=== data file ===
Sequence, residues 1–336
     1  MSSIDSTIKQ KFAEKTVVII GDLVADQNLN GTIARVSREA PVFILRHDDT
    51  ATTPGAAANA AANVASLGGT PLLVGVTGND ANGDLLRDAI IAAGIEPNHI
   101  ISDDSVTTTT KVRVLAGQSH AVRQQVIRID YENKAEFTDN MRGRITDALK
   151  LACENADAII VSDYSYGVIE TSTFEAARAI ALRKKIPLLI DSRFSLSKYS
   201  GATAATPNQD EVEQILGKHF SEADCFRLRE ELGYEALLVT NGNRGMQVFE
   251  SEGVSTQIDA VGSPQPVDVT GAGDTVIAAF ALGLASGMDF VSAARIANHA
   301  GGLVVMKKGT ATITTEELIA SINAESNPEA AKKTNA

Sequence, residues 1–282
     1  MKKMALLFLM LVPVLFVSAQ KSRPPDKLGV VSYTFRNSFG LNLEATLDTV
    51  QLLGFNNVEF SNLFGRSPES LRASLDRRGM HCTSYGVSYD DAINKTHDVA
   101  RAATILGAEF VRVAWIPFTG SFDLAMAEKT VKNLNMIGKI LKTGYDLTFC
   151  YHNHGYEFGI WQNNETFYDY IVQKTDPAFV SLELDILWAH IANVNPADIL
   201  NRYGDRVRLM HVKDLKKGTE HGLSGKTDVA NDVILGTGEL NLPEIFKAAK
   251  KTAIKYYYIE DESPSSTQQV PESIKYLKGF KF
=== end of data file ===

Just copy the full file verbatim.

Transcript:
Sequence, residues 1–336
     1  MSSIDSTIKQ KFAEKTVVII GDLVADQNLN GTIARVSREA PVFILRHDDT
    51  ATTPGAAANA AANVASLGGT PLLVGVTGND ANGDLLRDAI IAAGIEPNHI
   101  ISDDSVTTTT KVRVLAGQSH AVRQQVIRID YENKAEFTDN MRGRITDALK
   151  LACENADAII VSDYSYGVIE TSTFEAARAI ALRKKIPLLI DSRFSLSKYS
   201  GATAATPNQD EVEQILGKHF SEADCFRLRE ELGYEALLVT NGNRGMQVFE
   251  SEGVSTQIDA VGSPQPVDVT GAGDTVIAAF ALGLASGMDF VSAARIANHA
   301  GGLVVMKKGT ATITTEELIA SINAESNPEA AKKTNA

Sequence, residues 1–282
     1  MKKMALLFLM LVPVLFVSAQ KSRPPDKLGV VSYTFRNSFG LNLEATLDTV
    51  QLLGFNNVEF SNLFGRSPES LRASLDRRGM HCTSYGVSYD DAINKTHDVA
   101  RAATILGAEF VRVAWIPFTG SFDLAMAEKT VKNLNMIGKI LKTGYDLTFC
   151  YHNHGYEFGI WQNNETFYDY IVQKTDPAFV SLELDILWAH IANVNPADIL
   201  NRYGDRVRLM HVKDLKKGTE HGLSGKTDVA NDVILGTGEL NLPEIFKAAK
   251  KTAIKYYYIE DESPSSTQQV PESIKYLKGF KF